On Dec. 4, the Dow Jones Industrial Average dropped almost 800 points, a plunge that apparently was caused by Westerners’ misunderstanding of China.
According to several media reports, investors had believed articles run by China’s state-run media that gave a different narrative than that offered by the White House about the meeting between President Donald Trump and Chinese leader Xi Jinping at the G-20 leaders’ summit in Buenos Aires, Argentina.
As a result, investors thought much less was achieved than what the White House and Trump had announced, and they feared nothing had been done to put a check on the trade war between the United States and China.
Economic analyst Qin Peng said that Western analysts’ reaction was naive. In China, the public that is able to “jump over the Great Firewall” and read Western news sources is well aware of how to interpret the regime’s propaganda. If the White House disagrees with the regime, believe the White House. In general, assume the truth is the opposite of what the regime reports.
According to Qin, the crash on Dec. 4 shows that not only didn’t investors know how to read regime propaganda, but they also didn’t understand the significance of what occurred in Buenos Aires or what the situation in China is.
Trump Won Big
Qin said that, as far as he could see, Trump actually won big at the meeting.
Beijing was forced to sit at the negotiating table and discuss things that they previously said they would never discuss.
Beijing virtually agreed to everything Trump asked, including “to immediately begin negotiations on structural changes with respect to forced technology transfer, intellectual property protection, non-tariff barriers, cyber intrusions and cyber theft, services and agriculture.”
China has started to buy U. S. pork, may start to buy U.S. soybeans as soon as January, and might reduce or remove tariffs on U. S. cars and other goods.
The key context for Beijing’s sudden willingness to deal, which international investors missed, is that the Chinese Communist Party (CCP) is facing “life-threatening” crises, Qin said.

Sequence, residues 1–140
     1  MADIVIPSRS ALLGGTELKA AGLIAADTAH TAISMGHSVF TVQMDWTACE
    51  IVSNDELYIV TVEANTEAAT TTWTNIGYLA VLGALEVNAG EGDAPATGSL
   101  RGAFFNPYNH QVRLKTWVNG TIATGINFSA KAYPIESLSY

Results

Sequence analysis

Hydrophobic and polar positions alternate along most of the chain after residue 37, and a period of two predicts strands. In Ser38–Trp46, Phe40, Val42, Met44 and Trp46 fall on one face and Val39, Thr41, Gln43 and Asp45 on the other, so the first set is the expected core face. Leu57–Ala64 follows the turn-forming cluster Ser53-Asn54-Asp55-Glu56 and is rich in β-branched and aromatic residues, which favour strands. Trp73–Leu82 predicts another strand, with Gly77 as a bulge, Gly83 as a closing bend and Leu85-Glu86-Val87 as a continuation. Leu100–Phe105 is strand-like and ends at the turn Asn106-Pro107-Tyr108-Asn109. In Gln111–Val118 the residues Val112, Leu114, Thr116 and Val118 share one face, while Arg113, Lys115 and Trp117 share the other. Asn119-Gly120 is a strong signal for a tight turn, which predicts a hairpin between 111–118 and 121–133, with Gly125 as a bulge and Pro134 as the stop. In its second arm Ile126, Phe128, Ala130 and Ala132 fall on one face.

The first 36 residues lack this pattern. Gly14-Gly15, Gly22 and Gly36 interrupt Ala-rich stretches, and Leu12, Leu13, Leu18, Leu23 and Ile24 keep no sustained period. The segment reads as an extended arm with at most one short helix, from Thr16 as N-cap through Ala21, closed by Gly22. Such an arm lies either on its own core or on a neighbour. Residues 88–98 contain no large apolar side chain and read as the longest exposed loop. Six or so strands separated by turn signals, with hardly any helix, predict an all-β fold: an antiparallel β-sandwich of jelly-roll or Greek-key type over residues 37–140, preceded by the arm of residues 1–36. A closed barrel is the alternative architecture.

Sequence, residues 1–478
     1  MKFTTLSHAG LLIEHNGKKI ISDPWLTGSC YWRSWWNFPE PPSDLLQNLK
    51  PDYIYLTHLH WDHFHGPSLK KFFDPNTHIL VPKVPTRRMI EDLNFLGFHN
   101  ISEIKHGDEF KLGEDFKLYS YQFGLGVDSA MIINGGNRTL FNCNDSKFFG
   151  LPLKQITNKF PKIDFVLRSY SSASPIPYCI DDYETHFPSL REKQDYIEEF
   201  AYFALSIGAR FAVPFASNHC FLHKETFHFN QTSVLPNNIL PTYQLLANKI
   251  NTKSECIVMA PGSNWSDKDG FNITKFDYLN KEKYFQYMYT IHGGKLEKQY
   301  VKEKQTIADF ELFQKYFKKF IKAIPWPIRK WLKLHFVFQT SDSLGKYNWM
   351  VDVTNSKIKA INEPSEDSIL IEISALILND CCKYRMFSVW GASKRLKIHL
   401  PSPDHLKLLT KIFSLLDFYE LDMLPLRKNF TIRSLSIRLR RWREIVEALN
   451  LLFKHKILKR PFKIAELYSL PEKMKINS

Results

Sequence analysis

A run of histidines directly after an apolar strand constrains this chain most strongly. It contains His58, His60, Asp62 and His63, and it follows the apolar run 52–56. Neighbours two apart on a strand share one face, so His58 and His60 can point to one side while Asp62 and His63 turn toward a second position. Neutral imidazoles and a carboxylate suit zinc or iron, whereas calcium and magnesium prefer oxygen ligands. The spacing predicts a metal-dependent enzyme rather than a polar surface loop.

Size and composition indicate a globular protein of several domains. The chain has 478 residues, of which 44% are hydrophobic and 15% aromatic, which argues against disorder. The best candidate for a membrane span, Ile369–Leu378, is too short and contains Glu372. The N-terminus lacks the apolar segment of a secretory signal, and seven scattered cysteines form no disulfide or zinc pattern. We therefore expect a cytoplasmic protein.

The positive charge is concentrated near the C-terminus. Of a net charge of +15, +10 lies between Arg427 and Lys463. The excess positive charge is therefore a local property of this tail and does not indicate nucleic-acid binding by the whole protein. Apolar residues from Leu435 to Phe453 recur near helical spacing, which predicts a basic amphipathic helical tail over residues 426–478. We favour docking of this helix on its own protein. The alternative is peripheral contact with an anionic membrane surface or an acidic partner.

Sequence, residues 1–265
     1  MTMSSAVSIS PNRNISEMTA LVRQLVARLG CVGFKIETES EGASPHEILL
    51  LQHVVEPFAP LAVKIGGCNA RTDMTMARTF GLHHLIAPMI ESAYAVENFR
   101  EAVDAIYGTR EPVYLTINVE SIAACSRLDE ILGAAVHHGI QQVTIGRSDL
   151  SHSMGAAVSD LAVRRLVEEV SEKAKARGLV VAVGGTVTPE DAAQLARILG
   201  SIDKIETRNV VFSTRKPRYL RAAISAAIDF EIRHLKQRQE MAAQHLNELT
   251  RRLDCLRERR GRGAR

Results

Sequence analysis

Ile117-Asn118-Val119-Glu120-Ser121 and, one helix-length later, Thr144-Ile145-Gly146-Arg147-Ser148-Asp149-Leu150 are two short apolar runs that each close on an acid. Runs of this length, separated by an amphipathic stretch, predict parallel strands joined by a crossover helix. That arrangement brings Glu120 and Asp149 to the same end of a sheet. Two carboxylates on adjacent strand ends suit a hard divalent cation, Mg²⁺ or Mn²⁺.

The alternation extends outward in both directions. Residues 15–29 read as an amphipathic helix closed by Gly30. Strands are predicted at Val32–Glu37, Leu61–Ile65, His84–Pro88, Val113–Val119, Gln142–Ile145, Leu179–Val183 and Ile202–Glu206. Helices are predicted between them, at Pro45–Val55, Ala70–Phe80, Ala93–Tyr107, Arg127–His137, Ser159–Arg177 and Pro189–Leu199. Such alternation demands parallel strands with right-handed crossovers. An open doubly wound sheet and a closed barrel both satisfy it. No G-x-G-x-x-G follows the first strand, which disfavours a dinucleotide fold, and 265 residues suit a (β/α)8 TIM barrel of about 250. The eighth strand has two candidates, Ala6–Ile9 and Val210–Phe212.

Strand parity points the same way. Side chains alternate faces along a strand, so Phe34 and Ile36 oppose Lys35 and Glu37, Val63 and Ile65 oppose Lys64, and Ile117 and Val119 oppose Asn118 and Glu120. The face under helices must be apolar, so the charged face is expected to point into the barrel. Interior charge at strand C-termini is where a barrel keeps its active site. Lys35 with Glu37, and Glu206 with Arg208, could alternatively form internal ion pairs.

“A worsening economy, mass unemployment, and Trump’s precise targeting of specific targets such as ZTE, Chinese state-backed semiconductor maker Fujian Jinhua, and Chinese entity Equipment Development Department (EDD) and its director, Li Shangfu, have all started to endanger the very existence of the CCP’s rule. These are what the CCP really cares about and fears. However, international media outlets fail to notice and report upon this,” Qin said.
The Chinese people are fearful of what the future holds. On July 25, both Xinhua and People’s Daily carried a story headlined “Preliminary Statistics Show that the Number of People in Our Country who Returned to Their Hometowns to Start New Businesses Has Reached 7.4 Million.”
When this headline appeared, Chinese netizens took screenshots and passed it around on social media, claiming, “What a creative way to talk about unemployment!”
Much attention is being paid on social media in China to a handwritten letter by a factory owner. In discussing it, netizens repeat the Chinese idiom, “yi ye zhi qiu”: When you see one falling leaf, you know autumn is here.
In the letter, the factory owner from Dongguan City, in the heavily industrialized southern province of Guangdong, apologized to his employees for closing his business and fleeing, since he couldn’t pay his suppliers. He asked his employees to sell the factory and take the proceeds. He said he’d rather have it sold by his employees than to have it taken away by the state.
He also appealed for his employees to either adopt his two dogs (one is pregnant) or release them and let them run free.